ch02t - Ch.2 Probability 1 Introduction Probability theory...

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Unformatted text preview: Ch.2 Probability 1 Introduction Probability theory arose from the need to quantify the likelihood of occurrence of certain events associated with games of chance. Today, probability theory is applied much more widely as it models a wide variety of chance phenomena . By chance phenomena we mean any actions, processes or situations the outcomes of which are random. Thus, kicking a soccer ball, and stock market fluctuations, are both chance phenomena. An expression synonymous to chance phenomena is probabilistic or random experiments . The random experiments we will deal with are observational studies and statistical ex- periments, including the random sampling methods discussed in Chapter 1. To introduce probability concepts, and to demonstrate probability calculations, we will also talk about such probabilistic experiments as picking a card from a deck, or rolling a die. In this chapter we introduce, at an elementary level, the basic concepts of probability theory, including conditional probability and the notion of independence, and describe common techniques for calculating probabilities. This, and the specific probability models which will be discussed in Chapters 3, 4 and 5 will provide the needed probabilistic background for discussing statistical inference. In this chapter the term experiment will be used in its wider sense, i.e. to indicate a probability experiment. 2 Probabilistic Experiments, Populations, and Sam- ple Spaces As we saw in Chapter 1, to any sampling experiment there corresponds a population. A distinction was made between the population of units and the statistical population. The purpose of this section is to point out that the random experiments we will consider can be thought of, equivalently, as sampling experiments from some population. In fact, we will see for each random experiment we can conceptualize several equivalent sampling experiments. One of the different ways involves the concept of sample space which we will introduce. The following simple examples illustrating these points. 1 EXAMPLE A: a) Consider the probabilistic experiment of picking a card from a deck of cards. This can be thought of as obtaining a simple random sample of size one from the infinite hypothetical population of all selections of one card from a deck of cards. Alternatively, it can be thought of as obtaining a simple random sample of size 1 from the finite population of 52 cards. Thus, either a finite or an infinite population can be thought of as the population corresponding to this probabilistic experiment. b) Consider the probabilistic experiment of rolling a die. This can be thought of as obtaining a simple random sample of size one from the infinite hypothetical population of all possible rolls of a die. Alternatively, rolling a die can be thought of as taking a simple random sample of size one from the finite population of the numbers { 1 , 2 , 3 , 4 , 5 , 6 } . Thus, either a finite or an infinite population can be thought of as the population corresponding...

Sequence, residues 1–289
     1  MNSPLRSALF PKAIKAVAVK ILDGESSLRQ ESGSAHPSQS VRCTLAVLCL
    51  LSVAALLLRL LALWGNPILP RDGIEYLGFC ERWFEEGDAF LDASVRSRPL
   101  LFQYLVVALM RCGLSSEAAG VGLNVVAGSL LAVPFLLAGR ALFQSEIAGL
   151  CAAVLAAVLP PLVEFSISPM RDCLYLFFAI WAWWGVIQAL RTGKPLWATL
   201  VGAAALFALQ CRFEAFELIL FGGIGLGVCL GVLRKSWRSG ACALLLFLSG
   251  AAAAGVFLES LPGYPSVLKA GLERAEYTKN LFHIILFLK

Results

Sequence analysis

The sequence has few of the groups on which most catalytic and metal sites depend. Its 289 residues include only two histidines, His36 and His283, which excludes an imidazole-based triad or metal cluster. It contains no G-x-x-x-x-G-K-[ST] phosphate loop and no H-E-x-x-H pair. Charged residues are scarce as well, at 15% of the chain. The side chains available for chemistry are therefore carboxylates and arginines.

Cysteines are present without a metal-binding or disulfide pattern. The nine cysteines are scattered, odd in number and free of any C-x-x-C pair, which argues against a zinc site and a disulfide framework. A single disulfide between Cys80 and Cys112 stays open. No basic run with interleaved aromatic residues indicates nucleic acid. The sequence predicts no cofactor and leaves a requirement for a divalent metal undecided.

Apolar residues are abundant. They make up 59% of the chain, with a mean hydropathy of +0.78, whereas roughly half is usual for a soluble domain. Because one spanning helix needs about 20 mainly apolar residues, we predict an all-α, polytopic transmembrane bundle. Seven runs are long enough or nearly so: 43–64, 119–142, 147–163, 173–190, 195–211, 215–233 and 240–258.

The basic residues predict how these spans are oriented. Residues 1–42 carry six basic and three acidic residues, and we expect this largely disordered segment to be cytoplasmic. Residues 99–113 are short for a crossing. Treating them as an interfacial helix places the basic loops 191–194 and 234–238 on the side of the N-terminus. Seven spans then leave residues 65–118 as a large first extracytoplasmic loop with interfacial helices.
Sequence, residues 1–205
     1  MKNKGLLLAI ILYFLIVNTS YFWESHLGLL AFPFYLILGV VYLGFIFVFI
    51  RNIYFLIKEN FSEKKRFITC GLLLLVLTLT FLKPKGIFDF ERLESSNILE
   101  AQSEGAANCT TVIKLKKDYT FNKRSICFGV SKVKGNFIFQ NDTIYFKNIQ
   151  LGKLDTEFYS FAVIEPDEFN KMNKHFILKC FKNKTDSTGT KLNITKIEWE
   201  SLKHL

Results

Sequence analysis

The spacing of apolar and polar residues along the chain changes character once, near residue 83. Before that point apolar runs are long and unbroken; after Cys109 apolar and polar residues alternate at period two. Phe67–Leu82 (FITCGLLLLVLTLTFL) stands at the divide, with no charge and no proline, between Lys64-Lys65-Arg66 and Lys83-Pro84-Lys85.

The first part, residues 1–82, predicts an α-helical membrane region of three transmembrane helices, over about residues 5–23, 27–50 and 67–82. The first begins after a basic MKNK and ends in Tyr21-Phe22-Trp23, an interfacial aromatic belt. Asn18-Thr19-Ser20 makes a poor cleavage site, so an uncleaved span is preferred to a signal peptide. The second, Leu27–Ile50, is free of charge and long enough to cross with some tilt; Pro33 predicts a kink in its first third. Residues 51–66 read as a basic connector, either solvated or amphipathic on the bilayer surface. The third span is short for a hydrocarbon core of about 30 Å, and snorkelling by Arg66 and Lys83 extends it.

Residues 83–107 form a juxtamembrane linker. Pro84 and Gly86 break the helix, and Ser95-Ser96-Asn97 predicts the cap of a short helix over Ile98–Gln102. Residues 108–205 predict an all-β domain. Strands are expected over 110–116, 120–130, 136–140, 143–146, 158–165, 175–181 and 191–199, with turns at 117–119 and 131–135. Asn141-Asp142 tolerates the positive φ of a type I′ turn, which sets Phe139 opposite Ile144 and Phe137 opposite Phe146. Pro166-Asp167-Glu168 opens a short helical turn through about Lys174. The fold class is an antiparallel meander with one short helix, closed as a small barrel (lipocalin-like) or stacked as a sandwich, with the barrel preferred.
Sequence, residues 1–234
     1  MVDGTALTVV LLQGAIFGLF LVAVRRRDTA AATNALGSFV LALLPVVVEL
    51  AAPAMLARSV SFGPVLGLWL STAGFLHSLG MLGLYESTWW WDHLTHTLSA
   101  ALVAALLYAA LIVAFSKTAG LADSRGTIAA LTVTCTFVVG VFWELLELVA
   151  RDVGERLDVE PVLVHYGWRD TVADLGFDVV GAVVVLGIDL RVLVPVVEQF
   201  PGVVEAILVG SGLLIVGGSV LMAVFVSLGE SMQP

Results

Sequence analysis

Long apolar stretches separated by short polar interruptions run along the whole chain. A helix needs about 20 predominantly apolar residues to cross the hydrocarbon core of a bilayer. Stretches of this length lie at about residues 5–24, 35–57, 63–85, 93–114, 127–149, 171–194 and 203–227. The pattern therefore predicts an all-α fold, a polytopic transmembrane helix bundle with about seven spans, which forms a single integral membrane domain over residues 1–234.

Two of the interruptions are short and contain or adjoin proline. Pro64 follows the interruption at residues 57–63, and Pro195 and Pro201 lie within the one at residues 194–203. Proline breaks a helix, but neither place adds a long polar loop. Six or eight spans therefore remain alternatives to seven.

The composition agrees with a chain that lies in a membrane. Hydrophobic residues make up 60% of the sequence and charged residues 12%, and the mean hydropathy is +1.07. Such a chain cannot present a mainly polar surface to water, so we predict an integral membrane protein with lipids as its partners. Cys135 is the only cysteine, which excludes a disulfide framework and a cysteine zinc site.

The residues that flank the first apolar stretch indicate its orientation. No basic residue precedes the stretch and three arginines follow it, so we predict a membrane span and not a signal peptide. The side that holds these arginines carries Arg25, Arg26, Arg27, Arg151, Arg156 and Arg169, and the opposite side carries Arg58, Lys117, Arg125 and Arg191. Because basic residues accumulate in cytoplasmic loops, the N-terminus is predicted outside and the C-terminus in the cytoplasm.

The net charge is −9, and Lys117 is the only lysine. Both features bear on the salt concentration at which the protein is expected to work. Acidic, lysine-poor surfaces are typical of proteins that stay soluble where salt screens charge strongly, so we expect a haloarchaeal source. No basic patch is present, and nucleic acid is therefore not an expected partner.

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ch02t - Ch.2 Probability 1 Introduction Probability theory...

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